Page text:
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Small scale treatment systems

Mathew, K. and Ho, G. (1993) Small scale treatment systems. In: Urban waste water - A lost resource or an opportunity? seminar, 17 August, Perth, Western Australia pp. 149-159.

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Inadequate or improper collection and disposal of liquid waste leads to pollution of surface and groundwater and pose major threats to public health and community well being. The emergence of big cities and industries has typically demanded centralised collection, treatment and disposal systems for liquid wastes. Most cities in developed countries have reticulated sewerage systems which collect and treat the wastes to acceptable standards. In fact a majority of municipal authorities and public health engineers consider the reticulated sewerage system with a modern high technology treatment system and disposal facility as the only suitable approach to liquid waste for a municipal area. Such systems require continuous and plentiful supply of water along with all the capital intensive infrastructure necessary for treatment and these conditions are not always easily fulfilled.

Developing countries and smaller more isolated communities find the cost of providing such facilities to achieve the necessary public health requirements prohibitively high. In rural and semi-rural and particularly remote areas a centralised system generally costs much more on a per capita basis than a locally based independent system of liquid waste .disposal. In this context there are now a variety of options for wastewater treatment, disposal and reuse. Such systems can produce an effluent quality equal to or better than a conventional treatment plant.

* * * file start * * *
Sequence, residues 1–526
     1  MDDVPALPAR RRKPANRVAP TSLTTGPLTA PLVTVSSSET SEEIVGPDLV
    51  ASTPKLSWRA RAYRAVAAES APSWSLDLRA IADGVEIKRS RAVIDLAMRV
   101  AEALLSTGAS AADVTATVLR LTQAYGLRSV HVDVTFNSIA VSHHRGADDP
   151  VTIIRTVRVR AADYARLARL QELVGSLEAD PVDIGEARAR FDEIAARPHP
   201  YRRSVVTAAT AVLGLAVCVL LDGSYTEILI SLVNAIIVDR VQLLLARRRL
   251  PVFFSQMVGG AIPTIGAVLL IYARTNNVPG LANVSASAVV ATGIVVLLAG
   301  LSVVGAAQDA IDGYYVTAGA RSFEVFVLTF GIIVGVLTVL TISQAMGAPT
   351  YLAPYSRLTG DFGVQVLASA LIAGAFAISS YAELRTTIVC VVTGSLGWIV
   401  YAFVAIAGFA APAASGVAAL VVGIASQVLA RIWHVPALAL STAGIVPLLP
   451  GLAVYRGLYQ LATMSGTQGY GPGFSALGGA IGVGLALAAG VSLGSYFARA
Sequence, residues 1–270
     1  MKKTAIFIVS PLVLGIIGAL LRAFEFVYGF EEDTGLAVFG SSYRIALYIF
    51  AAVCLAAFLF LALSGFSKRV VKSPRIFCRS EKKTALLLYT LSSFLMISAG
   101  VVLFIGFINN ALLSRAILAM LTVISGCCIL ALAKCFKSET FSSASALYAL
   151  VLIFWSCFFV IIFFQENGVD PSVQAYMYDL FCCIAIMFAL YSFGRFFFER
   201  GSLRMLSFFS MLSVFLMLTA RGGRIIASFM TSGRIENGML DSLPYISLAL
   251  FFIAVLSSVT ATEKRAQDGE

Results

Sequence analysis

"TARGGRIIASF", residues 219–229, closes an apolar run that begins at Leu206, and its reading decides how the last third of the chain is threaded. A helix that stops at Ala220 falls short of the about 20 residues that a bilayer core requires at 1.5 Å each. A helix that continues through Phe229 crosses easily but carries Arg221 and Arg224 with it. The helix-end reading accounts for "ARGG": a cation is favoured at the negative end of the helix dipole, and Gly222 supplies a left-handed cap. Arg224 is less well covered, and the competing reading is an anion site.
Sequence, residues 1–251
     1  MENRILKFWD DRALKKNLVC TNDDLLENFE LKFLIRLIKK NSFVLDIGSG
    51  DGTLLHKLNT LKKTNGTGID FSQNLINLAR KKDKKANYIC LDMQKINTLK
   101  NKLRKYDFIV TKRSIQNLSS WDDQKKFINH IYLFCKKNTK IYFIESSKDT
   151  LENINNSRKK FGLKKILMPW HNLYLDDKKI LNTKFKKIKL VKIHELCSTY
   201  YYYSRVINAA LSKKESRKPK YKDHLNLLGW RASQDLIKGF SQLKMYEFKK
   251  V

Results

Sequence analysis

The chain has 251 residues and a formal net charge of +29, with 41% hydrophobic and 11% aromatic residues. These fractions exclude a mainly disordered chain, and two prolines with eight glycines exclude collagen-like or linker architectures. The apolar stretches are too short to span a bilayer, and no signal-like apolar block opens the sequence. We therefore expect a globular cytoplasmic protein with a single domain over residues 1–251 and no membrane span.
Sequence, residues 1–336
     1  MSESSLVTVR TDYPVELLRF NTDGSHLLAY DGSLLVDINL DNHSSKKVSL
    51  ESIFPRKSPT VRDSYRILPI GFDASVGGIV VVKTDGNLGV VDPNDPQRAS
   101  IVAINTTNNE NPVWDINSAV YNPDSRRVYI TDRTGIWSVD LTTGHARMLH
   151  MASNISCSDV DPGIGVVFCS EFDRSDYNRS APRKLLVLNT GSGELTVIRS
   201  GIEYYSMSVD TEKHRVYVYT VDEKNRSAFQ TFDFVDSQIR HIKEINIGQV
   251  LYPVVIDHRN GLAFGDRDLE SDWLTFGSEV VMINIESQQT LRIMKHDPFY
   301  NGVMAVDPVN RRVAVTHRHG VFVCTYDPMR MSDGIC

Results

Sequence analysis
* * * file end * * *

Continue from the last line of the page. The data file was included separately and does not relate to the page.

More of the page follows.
The major concern for municipal authorities and public health engineers is to dispose of the waste with minimum nuisance and health problems and at a price that can be managed within capital and recurrent budgets. From the point of view of a local community there are questions of the affordability of the chosen system for them, but also wider and deeper issues of community development and control over technologies that have the potential to influence the dynamics, form and autonomy of the society into which they are introduced.

There are now growing environmental and social pressures to consider all the possibilities for reusing wastes and to begin introducing systems which are of a sustainable nature.

This paper will discuss the criteria to be considered in general in the process of selection of a particular technology and then explain a few technologies which are approved to be used in Western Australia.

Publication Type: Conference Paper
Murdoch Affiliation: School of Environmental Science
Publisher: Australian Institute of Urban Studies (WA)
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